Comparison between makumba and JSF 2.0#

Both technologies seem to have evolved in parallel. An integration of JSF 2.0 as view for makumba seems to make a lot of sense.

Concern Makumba JSF 2.0 Comments
display action results / messages to the user <mak:response /> - displays form messages indicated in the <mak:form> 'message' attribute, the application logic and the validation error messages that could not be assigned to a form element <h:messages /> - displays all messages that come from validators or set in the application logic through FacesMessage
pretty much the same thing
send message from application logic throw new LogicException("This is an error"); FacesMessage message = new FacesMessage("Invalid email address"); throw new ValidatorException(message); FacesMessage brings support for localization
display form annotation messages <mak:form annotation="after/before/both/none"> <h:message for="inputId" /> mak seems to automate this process more than JSF 2.0
form validation validation rules in MDD or custom application logic application logic, greatly simplified through validation annotations (JSR 303)

navigation simple navigation model using <mak:form> 'action' attribute, or reloading of the page in case of errors if this is the configured behavior - <h:commandButton> 'action' attribute forwards to JSF page with same name as the action (if found)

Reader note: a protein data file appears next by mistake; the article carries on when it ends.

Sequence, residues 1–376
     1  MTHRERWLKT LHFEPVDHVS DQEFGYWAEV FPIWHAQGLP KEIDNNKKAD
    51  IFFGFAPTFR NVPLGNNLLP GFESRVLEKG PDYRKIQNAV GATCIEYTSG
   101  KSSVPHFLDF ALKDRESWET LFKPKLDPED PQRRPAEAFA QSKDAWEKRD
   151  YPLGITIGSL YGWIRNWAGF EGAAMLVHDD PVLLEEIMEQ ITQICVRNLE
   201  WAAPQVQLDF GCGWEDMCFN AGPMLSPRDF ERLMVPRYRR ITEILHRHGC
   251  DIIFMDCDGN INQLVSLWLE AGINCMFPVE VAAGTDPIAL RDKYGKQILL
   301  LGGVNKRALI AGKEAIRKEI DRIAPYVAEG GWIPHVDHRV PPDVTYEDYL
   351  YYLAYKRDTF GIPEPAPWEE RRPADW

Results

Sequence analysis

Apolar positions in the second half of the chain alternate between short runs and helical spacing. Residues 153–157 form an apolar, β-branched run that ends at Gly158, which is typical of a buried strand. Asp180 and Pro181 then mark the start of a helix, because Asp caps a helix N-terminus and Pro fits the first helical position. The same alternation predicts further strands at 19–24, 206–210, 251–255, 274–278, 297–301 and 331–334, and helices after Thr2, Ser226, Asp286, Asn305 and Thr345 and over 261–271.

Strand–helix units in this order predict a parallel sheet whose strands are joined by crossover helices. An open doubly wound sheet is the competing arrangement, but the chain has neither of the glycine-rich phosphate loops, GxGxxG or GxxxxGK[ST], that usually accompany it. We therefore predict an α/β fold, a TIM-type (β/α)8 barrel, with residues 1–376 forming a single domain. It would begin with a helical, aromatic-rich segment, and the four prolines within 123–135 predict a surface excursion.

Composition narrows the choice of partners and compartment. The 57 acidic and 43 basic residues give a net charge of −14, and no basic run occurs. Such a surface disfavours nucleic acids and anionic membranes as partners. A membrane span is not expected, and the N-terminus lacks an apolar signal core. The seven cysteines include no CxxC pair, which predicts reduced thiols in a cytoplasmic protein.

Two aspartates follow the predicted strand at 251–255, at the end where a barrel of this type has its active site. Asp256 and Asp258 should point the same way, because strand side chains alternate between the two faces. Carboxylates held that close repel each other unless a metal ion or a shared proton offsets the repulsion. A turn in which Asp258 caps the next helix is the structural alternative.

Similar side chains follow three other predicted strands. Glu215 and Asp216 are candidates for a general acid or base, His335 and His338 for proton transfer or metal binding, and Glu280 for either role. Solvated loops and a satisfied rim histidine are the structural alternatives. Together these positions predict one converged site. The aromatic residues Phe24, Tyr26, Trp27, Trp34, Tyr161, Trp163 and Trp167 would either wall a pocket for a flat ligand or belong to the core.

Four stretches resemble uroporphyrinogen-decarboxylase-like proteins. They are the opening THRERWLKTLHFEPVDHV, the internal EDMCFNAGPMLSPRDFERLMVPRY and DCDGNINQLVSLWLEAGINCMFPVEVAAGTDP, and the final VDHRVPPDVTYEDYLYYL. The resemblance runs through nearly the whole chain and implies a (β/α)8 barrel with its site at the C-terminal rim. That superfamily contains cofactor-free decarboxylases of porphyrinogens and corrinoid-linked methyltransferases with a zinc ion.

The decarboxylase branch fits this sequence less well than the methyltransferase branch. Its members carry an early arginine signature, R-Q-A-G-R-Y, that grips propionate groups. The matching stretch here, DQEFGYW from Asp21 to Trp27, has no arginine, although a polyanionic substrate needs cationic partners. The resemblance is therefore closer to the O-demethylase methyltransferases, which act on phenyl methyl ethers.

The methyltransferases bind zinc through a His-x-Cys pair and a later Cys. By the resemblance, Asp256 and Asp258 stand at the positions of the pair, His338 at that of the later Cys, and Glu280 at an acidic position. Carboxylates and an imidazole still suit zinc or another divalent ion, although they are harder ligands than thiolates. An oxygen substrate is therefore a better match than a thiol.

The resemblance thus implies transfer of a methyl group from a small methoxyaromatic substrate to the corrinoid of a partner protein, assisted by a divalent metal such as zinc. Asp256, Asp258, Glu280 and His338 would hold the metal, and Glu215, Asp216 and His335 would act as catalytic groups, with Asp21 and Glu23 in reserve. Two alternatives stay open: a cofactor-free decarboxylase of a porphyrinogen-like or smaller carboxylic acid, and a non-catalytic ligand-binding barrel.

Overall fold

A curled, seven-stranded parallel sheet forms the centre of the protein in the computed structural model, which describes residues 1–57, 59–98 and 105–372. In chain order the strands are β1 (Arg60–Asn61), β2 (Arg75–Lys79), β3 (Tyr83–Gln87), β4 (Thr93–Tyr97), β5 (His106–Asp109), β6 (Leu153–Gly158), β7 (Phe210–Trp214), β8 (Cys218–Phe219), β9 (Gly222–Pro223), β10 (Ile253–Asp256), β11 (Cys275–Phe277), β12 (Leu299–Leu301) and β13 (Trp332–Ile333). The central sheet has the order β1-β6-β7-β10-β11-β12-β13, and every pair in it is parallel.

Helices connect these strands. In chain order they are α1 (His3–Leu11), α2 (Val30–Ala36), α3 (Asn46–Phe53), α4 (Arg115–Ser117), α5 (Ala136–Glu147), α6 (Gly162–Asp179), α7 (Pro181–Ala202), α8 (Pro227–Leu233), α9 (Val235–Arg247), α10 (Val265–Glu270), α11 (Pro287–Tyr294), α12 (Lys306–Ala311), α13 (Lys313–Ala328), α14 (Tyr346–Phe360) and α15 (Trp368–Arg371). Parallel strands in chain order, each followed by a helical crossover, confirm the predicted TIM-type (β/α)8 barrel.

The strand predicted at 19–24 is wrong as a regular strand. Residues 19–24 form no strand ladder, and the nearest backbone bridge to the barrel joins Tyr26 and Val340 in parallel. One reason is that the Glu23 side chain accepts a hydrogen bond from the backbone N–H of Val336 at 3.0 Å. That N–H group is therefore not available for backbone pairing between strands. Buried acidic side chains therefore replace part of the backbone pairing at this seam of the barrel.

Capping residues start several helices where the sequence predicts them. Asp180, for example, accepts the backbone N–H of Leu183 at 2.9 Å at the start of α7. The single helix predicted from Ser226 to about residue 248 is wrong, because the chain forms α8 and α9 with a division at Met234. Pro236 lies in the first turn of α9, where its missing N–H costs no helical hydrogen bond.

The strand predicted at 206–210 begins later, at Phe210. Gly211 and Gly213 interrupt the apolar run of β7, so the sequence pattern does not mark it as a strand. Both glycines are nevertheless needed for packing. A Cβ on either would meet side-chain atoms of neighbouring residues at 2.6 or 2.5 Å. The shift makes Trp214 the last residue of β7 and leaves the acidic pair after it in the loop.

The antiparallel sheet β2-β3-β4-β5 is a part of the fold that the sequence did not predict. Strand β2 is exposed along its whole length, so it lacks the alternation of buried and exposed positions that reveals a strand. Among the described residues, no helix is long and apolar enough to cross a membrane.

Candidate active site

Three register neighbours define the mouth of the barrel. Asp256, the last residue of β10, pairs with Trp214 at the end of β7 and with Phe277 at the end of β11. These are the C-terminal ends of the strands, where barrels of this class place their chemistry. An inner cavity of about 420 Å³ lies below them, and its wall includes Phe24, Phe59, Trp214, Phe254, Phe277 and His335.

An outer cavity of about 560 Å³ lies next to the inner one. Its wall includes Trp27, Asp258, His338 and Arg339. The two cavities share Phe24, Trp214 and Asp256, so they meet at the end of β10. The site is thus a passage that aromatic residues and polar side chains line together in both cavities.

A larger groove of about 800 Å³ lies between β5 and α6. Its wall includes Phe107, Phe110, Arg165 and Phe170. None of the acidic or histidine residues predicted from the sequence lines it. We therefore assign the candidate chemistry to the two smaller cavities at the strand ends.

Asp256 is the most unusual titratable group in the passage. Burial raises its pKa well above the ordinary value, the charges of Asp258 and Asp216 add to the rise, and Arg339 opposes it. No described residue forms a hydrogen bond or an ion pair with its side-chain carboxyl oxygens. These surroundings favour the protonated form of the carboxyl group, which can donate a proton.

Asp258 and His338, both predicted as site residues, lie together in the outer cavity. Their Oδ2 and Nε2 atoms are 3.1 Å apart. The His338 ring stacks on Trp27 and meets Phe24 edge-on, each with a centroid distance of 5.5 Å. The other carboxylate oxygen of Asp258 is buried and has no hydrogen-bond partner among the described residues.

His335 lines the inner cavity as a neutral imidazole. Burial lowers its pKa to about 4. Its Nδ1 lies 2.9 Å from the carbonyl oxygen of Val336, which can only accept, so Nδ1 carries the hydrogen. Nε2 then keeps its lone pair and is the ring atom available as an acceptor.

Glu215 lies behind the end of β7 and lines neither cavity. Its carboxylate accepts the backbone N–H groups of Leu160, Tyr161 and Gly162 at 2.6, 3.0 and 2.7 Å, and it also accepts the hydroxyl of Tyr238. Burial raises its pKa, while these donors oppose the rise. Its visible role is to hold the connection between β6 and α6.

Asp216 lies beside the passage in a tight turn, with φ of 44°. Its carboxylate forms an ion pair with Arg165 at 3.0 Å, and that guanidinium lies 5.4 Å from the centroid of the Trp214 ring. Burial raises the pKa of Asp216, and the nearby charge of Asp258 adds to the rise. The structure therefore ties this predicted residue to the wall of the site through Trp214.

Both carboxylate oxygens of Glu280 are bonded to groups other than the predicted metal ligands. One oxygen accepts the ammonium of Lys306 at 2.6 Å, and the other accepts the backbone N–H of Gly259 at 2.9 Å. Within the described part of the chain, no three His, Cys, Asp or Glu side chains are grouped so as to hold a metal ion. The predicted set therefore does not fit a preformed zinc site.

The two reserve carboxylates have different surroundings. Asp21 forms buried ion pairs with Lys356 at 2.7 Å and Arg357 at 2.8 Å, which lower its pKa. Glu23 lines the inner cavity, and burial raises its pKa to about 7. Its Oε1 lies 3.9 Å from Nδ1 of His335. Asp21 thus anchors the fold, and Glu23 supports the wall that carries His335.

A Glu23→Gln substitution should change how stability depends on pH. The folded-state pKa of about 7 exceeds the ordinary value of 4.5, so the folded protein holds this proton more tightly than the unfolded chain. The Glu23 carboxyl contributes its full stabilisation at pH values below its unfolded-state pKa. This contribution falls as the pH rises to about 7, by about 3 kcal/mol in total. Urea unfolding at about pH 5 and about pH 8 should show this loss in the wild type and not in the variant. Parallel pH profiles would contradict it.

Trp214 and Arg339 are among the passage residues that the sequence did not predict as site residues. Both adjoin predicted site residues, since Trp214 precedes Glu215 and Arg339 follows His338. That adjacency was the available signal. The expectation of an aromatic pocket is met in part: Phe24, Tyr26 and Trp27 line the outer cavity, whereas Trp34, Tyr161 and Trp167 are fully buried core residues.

- navigation rules specified in faces-config.xml, much in the same fashion as Struts does
JSF navigation model is clearly more powerful and closer to model 2, yet JSF 2.0 introduces simple 'action' elements that have the benefit of being simple and contained in the page. additionally, JSF has a range of UI components that execute actions (implement the ActionSource interface), thus being more flexible than the <mak:submit> which really only is part of a form.
request / page / view parameters makumba Attributes that bundle HTTP request parameters, HTTP session attributes, JSP page parameters (and more?) into one single object. The bundles parameters are available in makumba business logic through the Attribute object. In the JSP page, request/session/page parameters are available as usual in JSP (through e.g. usage of JSTL, or JSP scriptlets, or EL) JSF 2.0 introduces "view parameters" that have to be explicetly declared:
  <f:viewParam name="fName" value="#{userBean.firstName}" />
and later on can be used in order to produce bookmarkable links:
<h:commandButton value="Register" action="confirm?faces-redirect=true&amp;includeViewParams=true"/>

The latter piece of code leads to the generation of a bookmarkable link, with CGI params, as usual. JSF relies on its internal component tree to handle parameters otherwise (i.e. they are not exposed directly and submitted via POST, which also increases the security).
might increase the complexity in some cases for people coming from JSP

Comparison between JSP and JSF#

Concern JSP JSF Comments
markup JSP tags, java, HTML XHTML no java, only tags, with namespaces declared in the beginning
templating not really, <jsp:include> makes some code-reuse possible designed for code re-use through component composition
tag-libraries custom taglibs custom taglibs and custom UI components JSF desgin makes tag library development much easier, tag / component developers have access to the full page tree

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« This page was last updated on May 16 2010